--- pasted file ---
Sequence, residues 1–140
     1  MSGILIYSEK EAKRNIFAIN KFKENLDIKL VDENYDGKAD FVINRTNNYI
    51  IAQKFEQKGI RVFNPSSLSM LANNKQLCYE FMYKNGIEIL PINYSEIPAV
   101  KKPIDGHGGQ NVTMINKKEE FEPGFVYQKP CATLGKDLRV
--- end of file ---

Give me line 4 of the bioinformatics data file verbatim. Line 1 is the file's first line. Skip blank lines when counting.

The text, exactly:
   101  KKPIDGHGGQ NVTMINKKEE FEPGFVYQKP CATLGKDLRV